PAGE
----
El Destierro (The Exile), directed by Arturo Ruiz, is a Spanish war drama that opened the 5th Annual Evolution! Mallorca International Film Festival (November 3-12). Despite and intriguing premise and solid performances, it ends up being a patchy, plodding movie with just a few good ideas and moments here and there.
Silverio (Eric Francés) and Teo (Joan Carles Suau) are two Spanish soldiers in charge of guarding a small outpost during wartime in the middle of nowhere. One day, they discover a wounded enemy soldier – a young Polish woman (Monika Kowalska). While they nurse her back to health, they must decide whether or not they’ll turn her in to their superiors.
El Destierro starts off on the wrong foot by making both soldiers come across as very unlikable. Over time, they become more interesting and complex – undeniably flawed, but in a way that earns more sympathy than disdain. The movie attempts to give the young woman, Zoska, some agency in this situation, but it’s pretty superfluous – as a character, she is defined by her relationships with either of the two men.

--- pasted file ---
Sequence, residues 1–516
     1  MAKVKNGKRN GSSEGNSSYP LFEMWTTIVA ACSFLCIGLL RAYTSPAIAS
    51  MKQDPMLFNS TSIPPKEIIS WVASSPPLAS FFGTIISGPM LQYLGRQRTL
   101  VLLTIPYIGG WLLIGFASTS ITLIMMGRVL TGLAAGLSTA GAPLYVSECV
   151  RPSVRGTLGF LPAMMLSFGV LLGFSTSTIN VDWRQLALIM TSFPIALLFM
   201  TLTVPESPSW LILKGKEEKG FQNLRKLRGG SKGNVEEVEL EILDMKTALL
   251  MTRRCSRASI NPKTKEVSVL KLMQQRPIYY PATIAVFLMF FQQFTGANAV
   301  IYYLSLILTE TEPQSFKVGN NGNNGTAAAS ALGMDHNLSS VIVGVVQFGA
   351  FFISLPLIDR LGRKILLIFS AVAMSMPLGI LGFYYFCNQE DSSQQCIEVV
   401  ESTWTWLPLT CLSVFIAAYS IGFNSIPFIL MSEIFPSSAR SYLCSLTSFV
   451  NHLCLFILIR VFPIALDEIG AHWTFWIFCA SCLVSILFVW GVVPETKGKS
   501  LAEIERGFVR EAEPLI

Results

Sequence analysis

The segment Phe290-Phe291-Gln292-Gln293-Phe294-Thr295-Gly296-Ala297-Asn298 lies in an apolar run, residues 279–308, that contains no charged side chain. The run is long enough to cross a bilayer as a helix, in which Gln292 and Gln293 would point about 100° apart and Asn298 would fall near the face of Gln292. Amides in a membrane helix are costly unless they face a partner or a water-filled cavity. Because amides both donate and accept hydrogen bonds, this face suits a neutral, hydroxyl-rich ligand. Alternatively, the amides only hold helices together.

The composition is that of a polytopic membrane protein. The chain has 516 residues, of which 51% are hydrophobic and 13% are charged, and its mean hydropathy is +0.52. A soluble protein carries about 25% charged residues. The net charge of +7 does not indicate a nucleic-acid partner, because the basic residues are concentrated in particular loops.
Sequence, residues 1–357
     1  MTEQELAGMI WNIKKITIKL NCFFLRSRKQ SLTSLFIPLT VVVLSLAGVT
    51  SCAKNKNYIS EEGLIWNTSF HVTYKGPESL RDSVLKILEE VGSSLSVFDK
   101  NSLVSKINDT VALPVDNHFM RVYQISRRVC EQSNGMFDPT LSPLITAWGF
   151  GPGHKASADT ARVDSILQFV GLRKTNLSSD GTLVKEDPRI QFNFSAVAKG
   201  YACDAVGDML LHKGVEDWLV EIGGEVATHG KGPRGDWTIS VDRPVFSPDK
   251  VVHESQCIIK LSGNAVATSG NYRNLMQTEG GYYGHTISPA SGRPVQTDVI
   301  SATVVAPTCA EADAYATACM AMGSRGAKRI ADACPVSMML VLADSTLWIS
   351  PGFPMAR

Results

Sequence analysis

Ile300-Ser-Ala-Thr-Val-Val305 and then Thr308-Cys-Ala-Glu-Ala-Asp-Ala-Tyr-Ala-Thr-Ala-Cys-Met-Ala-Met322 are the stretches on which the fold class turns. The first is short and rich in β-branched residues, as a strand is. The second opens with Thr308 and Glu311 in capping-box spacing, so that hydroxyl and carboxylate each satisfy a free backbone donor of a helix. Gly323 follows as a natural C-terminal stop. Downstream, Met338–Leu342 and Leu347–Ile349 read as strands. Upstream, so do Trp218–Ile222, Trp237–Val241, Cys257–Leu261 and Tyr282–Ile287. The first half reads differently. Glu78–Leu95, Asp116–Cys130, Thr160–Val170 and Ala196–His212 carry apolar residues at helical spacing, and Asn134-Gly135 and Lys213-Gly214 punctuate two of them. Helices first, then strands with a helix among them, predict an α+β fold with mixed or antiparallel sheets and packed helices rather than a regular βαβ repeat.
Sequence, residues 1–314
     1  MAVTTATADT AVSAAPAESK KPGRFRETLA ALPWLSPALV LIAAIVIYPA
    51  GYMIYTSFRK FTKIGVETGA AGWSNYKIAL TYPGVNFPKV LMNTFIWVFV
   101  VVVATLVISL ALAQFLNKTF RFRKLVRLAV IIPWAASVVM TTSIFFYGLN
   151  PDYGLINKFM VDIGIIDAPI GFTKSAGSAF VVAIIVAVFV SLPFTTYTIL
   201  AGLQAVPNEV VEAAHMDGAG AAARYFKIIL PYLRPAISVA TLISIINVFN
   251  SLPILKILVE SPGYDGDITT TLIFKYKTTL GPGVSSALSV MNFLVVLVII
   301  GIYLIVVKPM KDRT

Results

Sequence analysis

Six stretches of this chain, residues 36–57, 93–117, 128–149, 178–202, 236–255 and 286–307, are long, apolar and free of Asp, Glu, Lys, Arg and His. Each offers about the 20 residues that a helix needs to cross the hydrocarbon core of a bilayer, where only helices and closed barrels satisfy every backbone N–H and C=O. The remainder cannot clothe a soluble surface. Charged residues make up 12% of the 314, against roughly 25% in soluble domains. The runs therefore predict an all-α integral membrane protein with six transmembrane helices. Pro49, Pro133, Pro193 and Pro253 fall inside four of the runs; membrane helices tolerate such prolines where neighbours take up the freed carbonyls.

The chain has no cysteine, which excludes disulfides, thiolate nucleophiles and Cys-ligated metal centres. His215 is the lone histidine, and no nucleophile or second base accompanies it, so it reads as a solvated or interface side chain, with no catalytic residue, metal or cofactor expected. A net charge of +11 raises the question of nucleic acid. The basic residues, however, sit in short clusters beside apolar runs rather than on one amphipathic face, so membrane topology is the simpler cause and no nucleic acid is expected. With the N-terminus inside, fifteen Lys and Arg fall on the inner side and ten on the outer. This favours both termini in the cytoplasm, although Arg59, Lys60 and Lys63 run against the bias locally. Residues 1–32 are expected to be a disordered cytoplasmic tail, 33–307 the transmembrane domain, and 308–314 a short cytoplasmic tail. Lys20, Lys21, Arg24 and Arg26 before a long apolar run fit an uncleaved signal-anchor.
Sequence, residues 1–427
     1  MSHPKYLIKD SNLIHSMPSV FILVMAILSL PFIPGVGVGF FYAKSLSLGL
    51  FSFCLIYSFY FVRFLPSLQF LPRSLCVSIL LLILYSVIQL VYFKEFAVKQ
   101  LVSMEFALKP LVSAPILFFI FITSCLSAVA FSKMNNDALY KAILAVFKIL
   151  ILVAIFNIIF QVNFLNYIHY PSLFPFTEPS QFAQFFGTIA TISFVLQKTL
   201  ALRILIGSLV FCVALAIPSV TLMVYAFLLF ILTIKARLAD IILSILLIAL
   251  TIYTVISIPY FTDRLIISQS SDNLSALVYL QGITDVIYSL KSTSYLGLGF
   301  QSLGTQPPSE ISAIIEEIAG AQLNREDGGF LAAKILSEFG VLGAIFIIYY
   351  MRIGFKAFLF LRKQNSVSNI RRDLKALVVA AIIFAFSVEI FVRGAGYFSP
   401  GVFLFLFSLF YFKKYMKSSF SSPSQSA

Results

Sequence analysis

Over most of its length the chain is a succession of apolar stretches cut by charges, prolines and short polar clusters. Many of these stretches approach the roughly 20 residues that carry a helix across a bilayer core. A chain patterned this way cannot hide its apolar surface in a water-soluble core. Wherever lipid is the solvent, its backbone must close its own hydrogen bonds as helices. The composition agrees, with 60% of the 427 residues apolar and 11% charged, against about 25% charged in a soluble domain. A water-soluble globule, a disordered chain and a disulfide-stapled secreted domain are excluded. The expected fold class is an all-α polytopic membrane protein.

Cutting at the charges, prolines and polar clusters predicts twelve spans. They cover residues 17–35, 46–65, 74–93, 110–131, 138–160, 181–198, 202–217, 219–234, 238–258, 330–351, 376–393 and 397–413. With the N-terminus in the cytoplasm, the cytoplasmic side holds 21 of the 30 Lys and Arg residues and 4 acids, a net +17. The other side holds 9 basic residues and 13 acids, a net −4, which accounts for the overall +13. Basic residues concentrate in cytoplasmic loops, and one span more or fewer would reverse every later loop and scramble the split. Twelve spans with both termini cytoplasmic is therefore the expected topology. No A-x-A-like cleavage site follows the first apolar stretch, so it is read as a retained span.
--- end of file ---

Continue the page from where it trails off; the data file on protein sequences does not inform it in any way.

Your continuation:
Granted, she is technically their prisoner, but this has less to do with the power dynamics then it has to do with narrative agency. It’s the two soldiers that have more character development and more presence in the story and the frame. For a movie about three people, it feels more like it’s about two and a half. One of the final scenes perhaps best embodies this problem – a key decision about the fate of the group is made when Teo looks to Silverio and the latter nods to show his support. Zoska, while present, has no input on it whatsoever even though it’s later revealed she had a very personal stake in it.
The setup – an isolated bunker during wartime – is solid and El Destierro might have worked a lot better if it focused on any pair of characters from its cast, rather than all three at once. The three-way split in focus and the short runtime make it difficult not just to give everyone equal footing, but also to really flesh them out as characters. Zoska gets the worst of it, but all of them would have benefited from more development.
It’s not a bad movie and it certainly has the makings of a really good one, but it never really takes off. The cinematography is stark, yet captivating. The score is decent, if overbearing at times. Apart from a few plotholes and dumb moments early on (Teo is adamant about turning Zoska in at first but doesn’t even attempt to do so when given the perfect opportunity) there’s very little that’s outright bad about El Destierro. Unfortunately, there’s not much, if anything that’s particularly memorable about it either.
Dir: Arturo Ruiz
Scr: Arturo Ruiz
Cast: Eric Francés, Joan Carles Suau, Monika Kowalska
Runtime: 90 min